For films in 2015 and 2017 to have as little attempt at explaining the situation as this would also have been okay... except for the fact that the modern audience is far more used to in-depth storytelling in TV shows and films than there ever really used to be. Heck, Star Wars itself is responsible for this attitude with the Prequels giving many (indeed, too many) answers.

    As I said on Twitter, I also really don't like how there are just so few species coming across from the other trilogies. The Mon Calamari and Sullustan we see returning aren't species in their own 'right'; they're individual characters, simply there for the sake of reference. Rogue One was guilty of this as well, but at least we got to see a different take on Mon Calamari (white skin due to living in polar regions on Mon Cala).

    The new species introduced since 2015 are okay, but they're nothing special. The vast majority do feel and look far more like costumes than they do actual living characters to me. The sheer amount of Abednedo characters is also getting rather tedious; there have been six individuals of this species seen across both films, far more than of any other non-humanoid race, and this is including two different Resistance pilots; Ello Asty who died in the attack on Starkiller Base, and C'ai Threnalli, who did everything but die in TLJ.

    I get that they're proud of the animatronic they've created so they'd justifiably want to give it some screen-time, but it's just getting silly at this point.

    But yeah, the worldbuilding in general has been a sore point across both Sequel films so far. The political state is damaged beyond repair, we're now beyond 'back to square one', and the films just gloss over it.

    While it is possible to research a certain amount of details, one should only feel they 'need' to do research if you are interested or invested in the story, not as a last-ditch resort to get crucial answers that the films do not want to give.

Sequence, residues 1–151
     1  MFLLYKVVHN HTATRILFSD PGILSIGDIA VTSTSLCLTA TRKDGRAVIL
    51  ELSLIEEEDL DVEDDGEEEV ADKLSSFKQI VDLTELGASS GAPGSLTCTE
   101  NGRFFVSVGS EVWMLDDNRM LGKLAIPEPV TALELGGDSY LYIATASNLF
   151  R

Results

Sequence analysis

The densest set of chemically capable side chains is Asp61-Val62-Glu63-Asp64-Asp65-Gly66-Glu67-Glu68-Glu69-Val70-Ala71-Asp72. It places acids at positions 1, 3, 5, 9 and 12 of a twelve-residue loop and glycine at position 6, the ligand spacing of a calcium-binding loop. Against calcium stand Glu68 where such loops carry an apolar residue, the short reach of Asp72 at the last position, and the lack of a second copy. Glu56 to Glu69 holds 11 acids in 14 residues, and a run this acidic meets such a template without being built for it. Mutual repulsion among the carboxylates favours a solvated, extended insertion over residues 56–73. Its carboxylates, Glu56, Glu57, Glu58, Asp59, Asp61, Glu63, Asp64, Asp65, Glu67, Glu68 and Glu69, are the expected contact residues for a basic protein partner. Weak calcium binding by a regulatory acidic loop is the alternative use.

1. I'd also say that the set up of the original movies needed less set up than the sequel trilogy does, both because the sequel trilogy is giving us a more complicated (but very poorly explained) set up and because it IS a sequel.

      It's one thing to drop us into a world and give us an Empire and rebels. It's another thing to return to that world, thirty years after the Empire was defeated (or began to be defeated) and give us a super-powered Imperial remnant (with a completely unexplained name), a new Republic that's ignoring them for some reason, and a group of resistance fighters. The set up alone raises a whole lot of questions (most of which don't seem to be answered anywhere, some of which are answered in tie in books that end up raising MORE questions.)

      And that's before we get to problems like Snoke.

      Or the fact that the original trilogy has been kind of rendered pointless. Oh, you defeated the Empire. Too bad that didn't actually do anything for the galaxy.

      The technology has also gotten wonkier. Star Wars was never hard sci-fi, but the new movies are asking their audience to believe in some pretty unbelievable tech. (Starkiller base being the worst, but the gravity drop space bombers in TLJ are pretty bad, too.)

      I want to like the new movies, and I do like the characters, but there's something very...I don't know... darkest timeline fanfic about it all. (And I hate to use that comparison because there is some very good fanfic out there, but I'm not sure what else to use.)

    2. @Cal: I can't say that "not enough aliens" is something that occurred to me personally while watching, but on hindsight it's certainly true!

      @Both: The lack of continuity with the original trilogy bothers me too. I was kind of willing to forgive it in Force Awakens because I figured they were dropping us in cold, making it a bit of a shock that remnants of the Empire were still going so strong, with more explanation to follow later, but at this rate it's not looking good. The original trilogy didn't have much context either, but like you say, you'd expect more from a sequel.

      @Depizan: Those bombers really bugged me too! I'm used to Star Wars not caring about science and usually willing to just shrug it off, but gravity in space was a whole new kind of weird to me...